The question then arises, how are demands formed? Do demands necessarily precede the subject's approval? Critchley turns to Kant in his metaphysical articulation of the categorical imperative, not in order to grind the infamous philosophical question 'how is there something as opposed to nothing', in exploring how, in an ideal world, ethics would be. To crudely paraphrase, the ethical "call" would be understandable, it must be something that can be "willed freely", it must remain in consciousness at all times, and must be something that is "willed freely", or said differently, provides "sufficient motive for us to act". The key starting point for these declarations that are clearly inapplicable to our contemporary political situation is that ethical law is "something we can act from and not merely in accordance with" (p28)Not outright dismissing the principle of autonomy, but moreso its "orthodoxy", Critchley, in doubting its contemporary sufficiency and effectivity, rejects the tabula rasa, presuming a modern hegemonic condition where we come into a world within which demands are placed on us without our willing them.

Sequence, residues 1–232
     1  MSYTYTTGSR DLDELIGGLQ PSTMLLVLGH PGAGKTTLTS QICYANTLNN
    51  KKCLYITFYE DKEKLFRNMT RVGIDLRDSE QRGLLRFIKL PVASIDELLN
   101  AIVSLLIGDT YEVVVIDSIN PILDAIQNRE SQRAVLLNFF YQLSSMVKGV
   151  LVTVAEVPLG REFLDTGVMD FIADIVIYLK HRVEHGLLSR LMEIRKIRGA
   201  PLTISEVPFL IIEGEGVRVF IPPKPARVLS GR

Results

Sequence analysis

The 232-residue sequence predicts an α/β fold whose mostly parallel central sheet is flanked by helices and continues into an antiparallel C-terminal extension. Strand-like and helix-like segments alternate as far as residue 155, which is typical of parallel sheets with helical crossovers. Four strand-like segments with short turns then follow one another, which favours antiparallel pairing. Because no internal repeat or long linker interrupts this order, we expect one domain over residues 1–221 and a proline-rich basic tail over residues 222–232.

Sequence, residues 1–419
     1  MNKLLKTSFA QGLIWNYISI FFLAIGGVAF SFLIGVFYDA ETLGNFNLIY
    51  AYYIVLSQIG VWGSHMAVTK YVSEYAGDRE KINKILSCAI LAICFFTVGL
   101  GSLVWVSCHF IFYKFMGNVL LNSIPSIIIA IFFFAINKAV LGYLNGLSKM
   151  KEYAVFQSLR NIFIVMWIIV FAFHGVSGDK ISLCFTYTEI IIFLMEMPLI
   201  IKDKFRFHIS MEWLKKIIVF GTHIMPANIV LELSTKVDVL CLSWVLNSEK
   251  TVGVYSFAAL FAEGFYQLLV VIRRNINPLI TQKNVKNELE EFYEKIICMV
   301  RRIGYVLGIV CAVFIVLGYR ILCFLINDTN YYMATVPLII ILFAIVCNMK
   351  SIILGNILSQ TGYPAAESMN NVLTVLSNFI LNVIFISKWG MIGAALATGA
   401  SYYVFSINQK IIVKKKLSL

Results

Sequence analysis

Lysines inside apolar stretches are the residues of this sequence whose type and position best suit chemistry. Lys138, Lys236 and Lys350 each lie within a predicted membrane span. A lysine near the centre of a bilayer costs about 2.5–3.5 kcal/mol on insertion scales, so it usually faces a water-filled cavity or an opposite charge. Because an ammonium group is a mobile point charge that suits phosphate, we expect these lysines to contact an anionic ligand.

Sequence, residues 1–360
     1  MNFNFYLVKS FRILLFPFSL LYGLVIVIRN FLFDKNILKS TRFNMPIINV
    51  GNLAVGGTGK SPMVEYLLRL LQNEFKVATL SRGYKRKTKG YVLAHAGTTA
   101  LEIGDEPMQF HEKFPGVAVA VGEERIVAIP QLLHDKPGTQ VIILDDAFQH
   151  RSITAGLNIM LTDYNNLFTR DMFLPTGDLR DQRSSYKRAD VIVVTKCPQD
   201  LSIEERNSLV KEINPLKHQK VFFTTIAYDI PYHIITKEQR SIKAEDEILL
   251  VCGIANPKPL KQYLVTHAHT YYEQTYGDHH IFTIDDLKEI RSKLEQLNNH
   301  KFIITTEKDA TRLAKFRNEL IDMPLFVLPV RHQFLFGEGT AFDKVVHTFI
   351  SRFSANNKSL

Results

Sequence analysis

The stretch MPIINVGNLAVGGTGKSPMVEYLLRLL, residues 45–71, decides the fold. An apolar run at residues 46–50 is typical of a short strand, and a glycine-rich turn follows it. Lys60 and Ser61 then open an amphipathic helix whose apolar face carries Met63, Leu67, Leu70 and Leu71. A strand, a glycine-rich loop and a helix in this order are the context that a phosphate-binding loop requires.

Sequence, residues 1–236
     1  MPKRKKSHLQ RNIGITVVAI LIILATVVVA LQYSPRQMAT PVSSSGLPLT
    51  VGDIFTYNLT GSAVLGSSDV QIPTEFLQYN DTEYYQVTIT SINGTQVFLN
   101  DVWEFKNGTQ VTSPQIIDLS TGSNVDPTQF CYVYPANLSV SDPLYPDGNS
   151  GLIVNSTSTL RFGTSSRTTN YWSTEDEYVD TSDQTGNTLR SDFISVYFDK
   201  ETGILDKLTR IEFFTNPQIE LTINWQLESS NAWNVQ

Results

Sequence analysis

Critchley claims, to put it bluntly, ethics is the relation one has to the other, not the relation to their self. He makes the case early on that the self is only formed through a reflective process through the bodies' action in the world, and therefore would be an illogical fallacy for the self to be the origin of ethical action. But that is not to say that self-reflection does not factor into ethical experience nor is it to say that ethics is utilitarianism or slavery, but merely attempts to point the impossibility of an autarchy. But in this still-Kantian model, the 'ethicality' of the self is essentially its degree of accordance with the reality that demands its approval. Calling upon the crucial Kantian insight of the opacity the noumena, by claiming that it is impossible to grasp the specificity of the demand (thing) itself, by declaring the subject as unequal to the demand, a furthermore by starting from the contingent relation between subjective approval and its subjectivizing call, Critchley opens a space of agency and possibility of resistance.